Pointing to Christ
The Gospel readings for the Sundays of Advent, in both forms of the Roman Rite, feature that great man of the Advent Season, St John the Baptist, the Forerunner, the voice crying in the Wilderness, “Prepare the way of the Lord!”
St John is one of those great figures we meet in the Scriptures who continues to speak to us today as forcefully and as effectively as they did when they walked this earth. He is a type, a figure, a model, a pattern. He is someone in whom some of the great biblical themes and ideas converge; they take on a name, a face and a voice; and then they re-echo down through the ages. John is the great herald of the Messiah, and a mirror for seeing ourselves. He is the last and greatest of the prophets who proclaims the coming of the Lord, and is the first to announce that the Lord is here.
One striking thing is surely this: just how, from his mother’s womb, he is completely turned towards Christ. His own birth anticipated Christ’s, and so did his death. His whole life’s work, with the silent preparatory years in the desert, was to prepare a people fit for the Lord, and to make straight his path. He was the new Elijah sent to prepare for Christ’s coming. He is his herald, and the last in the line of Israelite prophets, the one in whom hope for the messiah becomes most explicit. Whereas the prophets could only point to the Messiah with their words and their faith, St John could point with his finger at the Lamb of God. And the climax of his mission was to baptise Jesus and so reveal him to Israel and beyond as the Son and Servant of God. He is all prophet, nothing but prophecy. He embodies all that Israel was ultimately about: the coming of the Christ. And more than that, he gives us the meaning of what it is to be human. Christ is the light, the source and centre of the universe and of human history. And we are all called to reflect that light, to turn to that light, and to allow ourselves to diminish so that we can be more that light than not.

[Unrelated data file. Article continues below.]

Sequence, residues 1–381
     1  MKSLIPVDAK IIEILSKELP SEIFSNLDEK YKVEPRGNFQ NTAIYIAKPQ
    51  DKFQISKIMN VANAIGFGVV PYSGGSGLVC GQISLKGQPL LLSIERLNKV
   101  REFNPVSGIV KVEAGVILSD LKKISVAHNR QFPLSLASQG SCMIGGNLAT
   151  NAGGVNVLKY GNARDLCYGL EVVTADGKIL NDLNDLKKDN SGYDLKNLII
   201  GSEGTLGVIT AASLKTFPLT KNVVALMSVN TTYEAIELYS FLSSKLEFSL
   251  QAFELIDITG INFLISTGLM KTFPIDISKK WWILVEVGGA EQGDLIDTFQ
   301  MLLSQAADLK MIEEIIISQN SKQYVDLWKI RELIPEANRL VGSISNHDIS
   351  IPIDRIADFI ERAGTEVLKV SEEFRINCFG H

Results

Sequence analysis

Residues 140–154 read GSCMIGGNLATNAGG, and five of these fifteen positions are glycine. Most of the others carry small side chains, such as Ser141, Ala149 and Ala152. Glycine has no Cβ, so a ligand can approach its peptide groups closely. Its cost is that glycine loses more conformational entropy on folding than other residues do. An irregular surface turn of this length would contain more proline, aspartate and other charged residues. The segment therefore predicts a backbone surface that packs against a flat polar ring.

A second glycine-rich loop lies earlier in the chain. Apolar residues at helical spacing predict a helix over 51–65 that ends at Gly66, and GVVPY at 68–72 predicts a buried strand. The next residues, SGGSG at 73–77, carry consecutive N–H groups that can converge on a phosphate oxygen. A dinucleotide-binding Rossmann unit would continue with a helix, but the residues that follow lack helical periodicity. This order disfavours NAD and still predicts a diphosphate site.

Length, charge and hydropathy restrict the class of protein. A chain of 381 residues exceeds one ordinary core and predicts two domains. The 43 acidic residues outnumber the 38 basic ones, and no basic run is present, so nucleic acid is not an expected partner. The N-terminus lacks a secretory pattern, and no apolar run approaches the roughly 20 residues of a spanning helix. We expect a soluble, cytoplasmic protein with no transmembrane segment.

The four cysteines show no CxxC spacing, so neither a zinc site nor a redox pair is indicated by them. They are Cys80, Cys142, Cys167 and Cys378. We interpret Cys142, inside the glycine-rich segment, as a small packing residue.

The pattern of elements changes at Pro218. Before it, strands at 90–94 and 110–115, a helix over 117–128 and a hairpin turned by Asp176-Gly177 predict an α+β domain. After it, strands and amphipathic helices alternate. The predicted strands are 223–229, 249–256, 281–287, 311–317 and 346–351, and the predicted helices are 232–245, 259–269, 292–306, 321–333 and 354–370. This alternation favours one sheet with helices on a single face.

This is the great truth John brings every generation. Turn to Christ, look at him, welcome him, “Behold” him. When Herod beheaded John, he thought he had silenced that inconvenient voice for ever. But two thousand years later, it is ringing out around the world, thousands of times every day, every time Mass is celebrated: Behold, the Lamb of God.
St John the Baptist’s mission was to prepare for the first coming of Christ. The Church’s mission, and ours, is to prepare for the second coming — and in fact for any and every coming of Christ into this world. This is why hermits and monks and contemplatives, waiting for God in the wilderness, have always cherished John the Baptist as a special patron. But also why many active Orders in the church — men and women religious who have nursed the sick, served the poor, taught the children — have likewise taken John as their patron. John reminds us to see and point out Christ when he comes to us in those in need, when he is suffering in those who suffer. He reminds us to see and point out how Christ can act in us and through us — how Christ can come into the lives of others through our words and deeds.
John calls us to live while pointing to someone greater than ourselves. To be happy to decrease, to feel poor, to be imprisoned metaphorically or even really, as long as Christ can increase and enrich and act freely around us. To be a voice that only wants to speak what is true, good, and kind, a passing voice at the service of the eternal Word. To prepare the Way of the Lord, and to announce his coming.
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